Prolific and influential author J.D. Salinger passed away on Wednesday, Jan 27th. The 91 year old writer was found dead in his home, due to natural causes.
If you’ve made your way through the American school system, chances are you’ve encountered the work of J.D. Salinger at some point in your life. You were given the slim, white paperback in 9th grade and were curious about the cluster of rainbow stripes on the upper left hand corner, right over the titled The Catcher in the Rye. Or maybe you were given the copy with the novel with the galloping red horse on the cover. Either way, you probably analyzed the symbolism, the imagery, and the peculiarities of main character Holden Caulfield at some point in your high school career. Love it or hate it (and most people love it), the novel originally published in 1951 is a groundbreaking work of literature that in large part defined the American perception of the modern adolescent. Moody, cynical, alienated, and self-doubting, Salinger’s creation of Holden Caulfield marked a visible turning point in the youth of a post-War America. Rebellious and disaffected, Caulfield’s neurotic (and arguably manic) persona that ultimately led to his commitment to a mental hospital was identifiable to every teen grappling with the enormous pressure of trying to understand yourself. Using a first-person writing style and common slang of the period like the practically Holden-patented “phony”, Salinger struck a chord with the American youth that has lasted for over 50 years now.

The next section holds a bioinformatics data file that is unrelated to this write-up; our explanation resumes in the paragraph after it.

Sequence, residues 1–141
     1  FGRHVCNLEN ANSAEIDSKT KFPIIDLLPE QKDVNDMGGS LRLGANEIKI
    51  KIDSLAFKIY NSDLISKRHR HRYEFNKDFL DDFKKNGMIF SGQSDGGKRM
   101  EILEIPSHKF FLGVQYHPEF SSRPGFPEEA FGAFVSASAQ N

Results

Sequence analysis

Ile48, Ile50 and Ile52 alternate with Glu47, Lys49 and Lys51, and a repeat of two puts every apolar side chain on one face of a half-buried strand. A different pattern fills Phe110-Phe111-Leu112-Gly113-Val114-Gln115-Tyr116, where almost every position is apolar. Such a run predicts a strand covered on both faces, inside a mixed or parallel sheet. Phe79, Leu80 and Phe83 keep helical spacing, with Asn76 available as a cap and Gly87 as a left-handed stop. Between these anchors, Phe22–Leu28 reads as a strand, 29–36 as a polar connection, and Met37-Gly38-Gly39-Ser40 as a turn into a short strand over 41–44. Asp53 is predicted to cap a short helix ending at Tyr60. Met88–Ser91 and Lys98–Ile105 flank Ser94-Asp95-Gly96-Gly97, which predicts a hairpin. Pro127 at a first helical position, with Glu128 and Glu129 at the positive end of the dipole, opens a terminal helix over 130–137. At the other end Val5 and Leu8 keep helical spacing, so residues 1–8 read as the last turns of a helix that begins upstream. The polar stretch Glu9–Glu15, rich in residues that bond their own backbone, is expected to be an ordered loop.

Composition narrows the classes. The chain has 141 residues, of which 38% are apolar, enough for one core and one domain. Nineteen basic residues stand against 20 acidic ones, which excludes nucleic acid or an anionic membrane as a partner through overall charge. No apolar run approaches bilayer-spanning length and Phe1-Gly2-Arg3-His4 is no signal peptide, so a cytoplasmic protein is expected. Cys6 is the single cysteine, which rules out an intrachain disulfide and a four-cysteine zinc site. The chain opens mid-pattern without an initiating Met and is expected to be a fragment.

A recluse who rarely granted interviews, Salinger had decided to be a writer in 1939 after returning from the military school his father had shipped him off to. After seeing his short stories published in magazines like Esquire and Collier’s, Salinger was drafted and sent to England as part of the U.S. Intelligence Army Corps responsible for questioning Nazi soldiers. No one is quite sure what exactly Salinger went through during those campaigns, but it is rumored that he suffered an extreme nervous breakdown once his tour was over. It might have been this experience that affected him deeply, but either way, upon his return to normal life, Salinger began to write a host of short stories and soon the only novel he would ever write, The Catcher in the Rye, would be released. He retired to a small country home in Cornish, New Hampshire in 1953 after releasing a collection of short stories called Nine Stories. In 1961, he published an additional collection of short stories in a single volume, the equally popular Franny and Zooey, which spent six months atop the bestseller list. His final work would be another collection of short stories entitled Raise High the Roof Beam, Carpenters and Seymours: An Introduction.
Despite his reclusive nature, Salinger become the object of unwanted media attention when his former lover, writer Joyce Maynard published a memoir of her time as an 18-year-old living with the 53-year-old writer called At Home In the World. Further negative media attention came his way in 1980 when Mark David Chapman, John Lennon’s killer, claimed that he shot the singer to “promote the reading of The Catcher in the Rye”. Whatever negativity surrounded him, Salinger refused to engage with the public and left his work to be interpreted by the readers alone. His groundbreaking novel still sells over 250,000 copies each year, and is a world-wide standard beloved by English teachers–and students–everywhere.
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